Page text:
Researchers at the Indian Institute of Technology (IIT) Bombay have created high-performance cathodes for Na-ion batteries to solve air/water and structural-electrochemical instability.
Sodium-ion batteries are important for climate and India’s resources. They use cathode and anode materials for charge/discharge. Good performance needs stable electrodes, Sodium (Na) transport, and low resistance. Yet, Na-TM-oxide-based cathodes need improvements for moisture stability and handling, which requires toxic N-Methyl-2-pyrrolidone (NMP) instead of water-based slurries.
Researchers at the Indian Institute of Technology (IIT) Bombay have developed new, high-performance cathode materials for Na-ion batteries that address air/water and structural-electrochemical instability issues at the same time. The new materials have good cyclic and air/water stability, making them ideal for cost-effective and sustainable energy storage in various applications, from consumer electronics and grid storage to renewable energy and electric vehicles.
The team used materials science and electrochemical principles to develop a universal design criterion for high-performance, stable cathodes for Na-ion batteries, supported by the Science and Engineering Research Board (SERB) and Department of Science and Technology’s (DST’s) Materials for Energy Storage scheme. They suggest adjusting the Na-TM-oxide cathode structure by modifying TM-O bond covalency to create “interslab” spacing. This allows for the successful design and widespread development of sustainable, high-performance Na-ion batteries. In the Na-TM-oxide structure, alternate NaO2 and TMO2 ‘slabs’ share O-ions with a net negative charge, which are ionic for Na-O and iono-covalent for TM-O bonds. By adjusting the degree of covalency in the TM-O bond through the combination of cations in the TM-layer, the net negative charge on the O-ion can be tuned to affect electrostatic attraction and repulsion between Na- and O-ions across the Na-layer.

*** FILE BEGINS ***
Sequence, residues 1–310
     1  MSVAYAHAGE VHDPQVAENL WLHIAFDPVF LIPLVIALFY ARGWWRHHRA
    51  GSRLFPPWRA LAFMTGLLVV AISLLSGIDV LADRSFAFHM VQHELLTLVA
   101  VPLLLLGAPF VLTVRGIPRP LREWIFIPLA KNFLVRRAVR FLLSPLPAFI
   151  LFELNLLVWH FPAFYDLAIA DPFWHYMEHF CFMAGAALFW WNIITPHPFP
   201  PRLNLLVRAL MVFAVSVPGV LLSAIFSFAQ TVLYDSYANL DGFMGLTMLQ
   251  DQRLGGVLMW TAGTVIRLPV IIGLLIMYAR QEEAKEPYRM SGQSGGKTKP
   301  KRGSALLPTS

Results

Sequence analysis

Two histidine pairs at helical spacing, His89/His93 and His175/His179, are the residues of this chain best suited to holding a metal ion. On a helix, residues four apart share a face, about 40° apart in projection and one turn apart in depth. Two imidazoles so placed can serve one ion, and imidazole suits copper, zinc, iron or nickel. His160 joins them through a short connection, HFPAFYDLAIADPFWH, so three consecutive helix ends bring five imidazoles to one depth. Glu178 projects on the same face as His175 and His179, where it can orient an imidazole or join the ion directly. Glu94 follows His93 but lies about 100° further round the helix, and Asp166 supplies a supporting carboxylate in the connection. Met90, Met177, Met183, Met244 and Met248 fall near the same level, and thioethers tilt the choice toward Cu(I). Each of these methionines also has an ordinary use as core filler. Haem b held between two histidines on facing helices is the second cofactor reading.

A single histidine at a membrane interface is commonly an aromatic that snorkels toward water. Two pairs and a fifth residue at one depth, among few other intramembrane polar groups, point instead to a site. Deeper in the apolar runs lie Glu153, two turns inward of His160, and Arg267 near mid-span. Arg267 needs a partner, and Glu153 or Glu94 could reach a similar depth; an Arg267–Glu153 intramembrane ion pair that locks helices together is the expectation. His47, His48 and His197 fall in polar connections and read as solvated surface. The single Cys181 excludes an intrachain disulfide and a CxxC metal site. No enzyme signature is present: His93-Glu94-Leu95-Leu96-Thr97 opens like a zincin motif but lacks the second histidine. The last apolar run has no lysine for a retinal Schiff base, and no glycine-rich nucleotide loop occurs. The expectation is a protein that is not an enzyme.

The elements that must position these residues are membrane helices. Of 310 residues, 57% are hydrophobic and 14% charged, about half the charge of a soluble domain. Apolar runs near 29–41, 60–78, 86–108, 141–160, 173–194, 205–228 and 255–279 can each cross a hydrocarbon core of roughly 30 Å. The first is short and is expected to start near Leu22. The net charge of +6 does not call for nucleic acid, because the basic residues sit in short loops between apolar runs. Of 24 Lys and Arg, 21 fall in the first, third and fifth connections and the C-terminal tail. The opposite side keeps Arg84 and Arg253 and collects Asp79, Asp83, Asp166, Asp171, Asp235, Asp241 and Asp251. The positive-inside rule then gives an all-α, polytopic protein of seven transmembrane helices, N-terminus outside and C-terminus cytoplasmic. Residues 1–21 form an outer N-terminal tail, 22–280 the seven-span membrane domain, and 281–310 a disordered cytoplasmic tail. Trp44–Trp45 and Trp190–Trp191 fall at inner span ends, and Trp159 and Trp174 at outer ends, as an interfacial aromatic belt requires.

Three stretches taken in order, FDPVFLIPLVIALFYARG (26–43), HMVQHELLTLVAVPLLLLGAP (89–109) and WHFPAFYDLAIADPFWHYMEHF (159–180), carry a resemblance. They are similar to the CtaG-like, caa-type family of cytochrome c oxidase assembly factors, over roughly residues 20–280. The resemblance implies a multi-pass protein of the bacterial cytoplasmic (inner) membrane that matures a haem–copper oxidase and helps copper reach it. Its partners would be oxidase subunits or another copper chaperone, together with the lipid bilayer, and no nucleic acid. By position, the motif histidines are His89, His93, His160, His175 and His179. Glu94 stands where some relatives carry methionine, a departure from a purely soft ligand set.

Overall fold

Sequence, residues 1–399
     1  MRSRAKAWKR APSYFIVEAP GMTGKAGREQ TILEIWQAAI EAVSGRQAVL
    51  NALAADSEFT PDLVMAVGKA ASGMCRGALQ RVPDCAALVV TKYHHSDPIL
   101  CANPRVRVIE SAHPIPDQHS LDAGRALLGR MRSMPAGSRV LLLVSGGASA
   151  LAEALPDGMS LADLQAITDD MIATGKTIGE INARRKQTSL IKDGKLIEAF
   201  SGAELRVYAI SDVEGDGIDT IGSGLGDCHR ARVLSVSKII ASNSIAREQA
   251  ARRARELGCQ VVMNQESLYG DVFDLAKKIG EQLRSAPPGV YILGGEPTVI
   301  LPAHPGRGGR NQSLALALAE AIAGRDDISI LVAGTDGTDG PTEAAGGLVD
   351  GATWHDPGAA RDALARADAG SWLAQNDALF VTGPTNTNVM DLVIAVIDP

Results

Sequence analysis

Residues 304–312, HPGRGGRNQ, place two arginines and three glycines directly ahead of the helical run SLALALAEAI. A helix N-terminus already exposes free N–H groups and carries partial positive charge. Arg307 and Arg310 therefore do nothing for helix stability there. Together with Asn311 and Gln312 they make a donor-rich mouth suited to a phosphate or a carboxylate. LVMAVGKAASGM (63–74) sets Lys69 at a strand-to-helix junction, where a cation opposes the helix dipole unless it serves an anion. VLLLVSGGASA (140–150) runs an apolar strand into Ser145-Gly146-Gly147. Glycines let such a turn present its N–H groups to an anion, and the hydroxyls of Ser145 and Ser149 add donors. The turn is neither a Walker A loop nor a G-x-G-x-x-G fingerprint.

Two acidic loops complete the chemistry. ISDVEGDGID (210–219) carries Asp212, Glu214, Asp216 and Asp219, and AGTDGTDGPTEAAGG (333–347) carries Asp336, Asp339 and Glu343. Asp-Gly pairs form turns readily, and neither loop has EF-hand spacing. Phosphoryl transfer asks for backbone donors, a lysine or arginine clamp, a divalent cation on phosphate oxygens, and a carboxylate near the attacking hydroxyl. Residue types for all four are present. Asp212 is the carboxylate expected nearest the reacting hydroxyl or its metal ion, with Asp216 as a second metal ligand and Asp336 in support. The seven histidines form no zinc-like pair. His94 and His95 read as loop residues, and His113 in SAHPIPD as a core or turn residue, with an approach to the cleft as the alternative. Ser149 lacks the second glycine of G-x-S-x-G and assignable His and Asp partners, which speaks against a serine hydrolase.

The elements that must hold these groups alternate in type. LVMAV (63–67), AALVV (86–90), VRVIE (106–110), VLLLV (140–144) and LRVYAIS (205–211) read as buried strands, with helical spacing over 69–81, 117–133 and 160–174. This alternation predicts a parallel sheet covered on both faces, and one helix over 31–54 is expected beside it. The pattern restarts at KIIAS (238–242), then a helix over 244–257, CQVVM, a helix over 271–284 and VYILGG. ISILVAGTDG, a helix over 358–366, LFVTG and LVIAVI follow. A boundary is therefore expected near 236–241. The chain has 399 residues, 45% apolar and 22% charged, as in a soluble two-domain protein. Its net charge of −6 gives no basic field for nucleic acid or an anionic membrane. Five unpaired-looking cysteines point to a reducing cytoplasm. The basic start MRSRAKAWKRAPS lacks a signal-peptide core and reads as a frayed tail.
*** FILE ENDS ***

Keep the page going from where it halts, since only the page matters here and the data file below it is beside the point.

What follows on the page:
The higher effective negative charge on O-ion due to reduced TM-O covalency strengthens the Na-O bond, reducing inter-slab spacing and improving air/water stability, suppressing deleterious structural transitions in Na-TM-oxide cathode materials. New water-stable cathodes for Na-ion batteries can be prepared via a cost-effective and environment-friendly aqueous processing route. Greater TM-O bond covalency results in weaker and longer Na-O bonds and an increased “inter-slab” spacing. The study shows that a reduced inter-slab spacing resulting from a lower effective negative charge on the O-ion due to greater TM-O bond covalency can enhance the rate-capability and power density of the cathode in Na-ion batteries.
The researchers stabilized the P2 structure for Na-TM-oxide cathode materials at a higher Na-content, enhancing Na-storage capacity and air/water stability. These findings are expected to facilitate the development of cost-effective Na-ion battery systems through environment-friendly electrode processing.
I. Biswas, B. S. Kumar, A. Pradeep, and A. Mukhopadhyay: An O3-structured ‘Layered’ Sodium Transition Metal Oxide-based Cathode Material for Na-ion batteries; Indian Patent Application No.: 202321016587, dated 13-03-2023 (Patent filed)
B. S. Kumar, A. Pradeep, Amardeep and A. Mukhopadhyay: High Sodium Containing P2-type Sodium Transition Metal Oxide-based Cathode for Na-ion Batteries; Indian Patent No.: 406595; dated: 14/09/2022 (Patent granted)